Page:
|2015-02 Square Thinking, OpenCL, Proof, FFT|
Compucon CPD Seminar
4 February 2015 Wednesday
Compucon House Albany
4:00 - 4:30pm Thinking inside & outside the Square (TN)
4:30 - 5:00pm Why is Compucon placing the bet on OpenCL (TN)
5:00 - 5:30pm Proof of Parallel Computing Concept (Xu He)
5:30 - 6:00pm Fast Fourier Transform (Stefan Wong)
6:00 – 7:30pm Wine and Cheese
Thinking inside & outside the square
Thinking is one property that separates human from other living members of the world and achievers from non-achievers. We measure before we cut. We think before we act. There are 6 different types of serious thinking that the speaker can think of: expressive, perspective, critical, logical, creative, and inquisitive. This square session is meant for sharing the experience of the art of thinking. It will be given in an easy-to-relate manner, and illustrated with well accepted examples and some shallow humour. Peers are encouraged to suggest more types of serious thinking for discussion. Mind mapping and Bono 6-hats have been included already. Neural computing is outside the scope.
Betting on OpenCL
The high performance computing citizen scientist web forum www.compucon.co.nz/forum/ has a topic entitled “What is OpenCL”? It is an attempt by Compucon to raise the awareness of citizen scientists that OpenCL is a good candidate for implementing parallel computing. At the same time, Compucon has invested in new technology samples that claim to do parallel computing with OpenCL. The investments are not going to be light. Why Compucon bets on OpenCL? Is OpenCL real or a fantasy? Is it mature or in the work? Are there other options? Is it the best tool? Who else are betting on it? What is the chance of success of this bet? How to enhance or realise the chance of success? This session will employ the 6 thinking tools to find the answers and give us a clear and complete picture. Peers will get a very encouraging piece of info that our Compucon systems will benefit from this research very soon!
Proof of Parallel Computing Concept
This project is funded by MBIE of the Government for a university graduate student. Xu He is the student. He has completed a BTECH project in the University of Auckland in 2014 which was co-supervised by Professor Reinhard Klette and Compucon. The BTECH project was for developing the algorithms needed for detecting a person with a hands-up pose recorded by a surveillance camera. Xu succeeded and his project paper was subsequently accepted by the Image & Vision Conference held in November 2014 in the University of Waikato (IVCNZ). This MBIE-funded project is an extension of the BTECH project. The original application was written in C and C++ for running in Windows and it took 850ms of runtime. Xu has been able to refine the programming code and reduce the runtime to 157ms by 2015-01-16 in the same PC but with a CUDA card. Xu is now working on the same problem on an ARM based system-on-chip instead of a Compucon Diamond+ PC. He will explain how he achieved the speed up from 1 to 6fps in a PC and his progress on ARM SOC.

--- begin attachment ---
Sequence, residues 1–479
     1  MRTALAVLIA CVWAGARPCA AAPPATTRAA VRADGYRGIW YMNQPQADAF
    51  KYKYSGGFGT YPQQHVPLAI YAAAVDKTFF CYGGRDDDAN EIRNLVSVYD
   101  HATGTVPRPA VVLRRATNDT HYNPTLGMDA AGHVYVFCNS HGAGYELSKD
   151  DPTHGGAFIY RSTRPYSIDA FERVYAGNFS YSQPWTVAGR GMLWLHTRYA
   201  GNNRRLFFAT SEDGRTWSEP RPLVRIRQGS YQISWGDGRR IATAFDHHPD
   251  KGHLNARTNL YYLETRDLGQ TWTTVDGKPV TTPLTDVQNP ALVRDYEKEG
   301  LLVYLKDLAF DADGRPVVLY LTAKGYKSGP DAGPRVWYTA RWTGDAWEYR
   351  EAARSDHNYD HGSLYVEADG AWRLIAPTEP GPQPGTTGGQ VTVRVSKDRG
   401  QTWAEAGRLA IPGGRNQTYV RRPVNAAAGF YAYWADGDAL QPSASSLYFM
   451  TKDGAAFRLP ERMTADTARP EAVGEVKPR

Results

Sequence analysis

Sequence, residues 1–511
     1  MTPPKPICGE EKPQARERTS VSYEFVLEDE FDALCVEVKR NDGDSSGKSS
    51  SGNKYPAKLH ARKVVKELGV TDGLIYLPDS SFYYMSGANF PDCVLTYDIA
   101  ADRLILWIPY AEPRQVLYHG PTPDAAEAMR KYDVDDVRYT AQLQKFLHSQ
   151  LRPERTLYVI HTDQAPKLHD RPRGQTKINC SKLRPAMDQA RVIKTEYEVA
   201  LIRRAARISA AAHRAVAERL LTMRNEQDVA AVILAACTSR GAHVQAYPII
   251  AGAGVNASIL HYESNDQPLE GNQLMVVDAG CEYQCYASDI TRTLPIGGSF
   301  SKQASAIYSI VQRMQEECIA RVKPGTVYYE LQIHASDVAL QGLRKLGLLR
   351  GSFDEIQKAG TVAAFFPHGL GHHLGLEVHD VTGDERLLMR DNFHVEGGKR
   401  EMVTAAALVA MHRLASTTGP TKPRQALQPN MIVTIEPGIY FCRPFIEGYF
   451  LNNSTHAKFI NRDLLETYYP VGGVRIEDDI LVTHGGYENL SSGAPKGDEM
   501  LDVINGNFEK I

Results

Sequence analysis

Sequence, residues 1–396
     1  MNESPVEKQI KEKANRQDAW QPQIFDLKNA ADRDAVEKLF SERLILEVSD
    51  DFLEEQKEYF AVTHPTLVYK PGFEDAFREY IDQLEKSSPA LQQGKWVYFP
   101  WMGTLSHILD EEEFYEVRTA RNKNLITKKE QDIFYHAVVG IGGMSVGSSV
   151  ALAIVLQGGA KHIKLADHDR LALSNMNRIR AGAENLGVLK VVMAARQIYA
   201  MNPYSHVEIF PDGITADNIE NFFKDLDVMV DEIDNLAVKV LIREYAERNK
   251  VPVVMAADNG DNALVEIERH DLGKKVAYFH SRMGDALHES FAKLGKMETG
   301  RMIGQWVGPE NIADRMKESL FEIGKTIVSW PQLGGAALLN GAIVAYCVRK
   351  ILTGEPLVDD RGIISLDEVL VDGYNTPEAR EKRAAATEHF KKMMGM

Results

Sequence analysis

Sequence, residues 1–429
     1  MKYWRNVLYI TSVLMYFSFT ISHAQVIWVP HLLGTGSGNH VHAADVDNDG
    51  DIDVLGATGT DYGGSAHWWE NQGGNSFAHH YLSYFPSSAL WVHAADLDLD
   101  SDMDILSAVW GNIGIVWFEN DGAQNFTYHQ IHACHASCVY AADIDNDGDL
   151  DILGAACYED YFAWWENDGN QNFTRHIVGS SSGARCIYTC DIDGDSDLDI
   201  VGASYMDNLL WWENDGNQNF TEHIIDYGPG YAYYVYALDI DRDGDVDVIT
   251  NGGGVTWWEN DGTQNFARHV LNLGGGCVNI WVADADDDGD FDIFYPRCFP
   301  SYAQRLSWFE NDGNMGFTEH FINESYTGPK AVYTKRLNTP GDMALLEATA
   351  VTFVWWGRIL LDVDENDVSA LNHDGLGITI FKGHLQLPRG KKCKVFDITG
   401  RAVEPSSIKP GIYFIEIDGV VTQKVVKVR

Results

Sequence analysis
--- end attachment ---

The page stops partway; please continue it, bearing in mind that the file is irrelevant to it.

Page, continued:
Fast Fourier Transform
Stefan is a core member of Compucon II development team as well as a Masters of Engineering student from AUT. Fourier Transform is a popular and essential algorithm in the computing world. In brief, it transforms a time series of signals into a frequency series, and vice versa. One of our hardware being explored is capable of cleaning a small Jpeg picture (128 x 128 pixels) in less than 1ms whilst an ARM CPU took nearly 10ms to do the same job. Both cleaning jobs employed Fourier Transform and Stefan will explain how Fourier Transform helps. The most popular source code is called FFTW where the first F stands for Fast and the last W stands for West being USA. FFTW is a clever chap. It can think- it measures before it cuts. Come and enjoy this high tech story written for Compucon peers.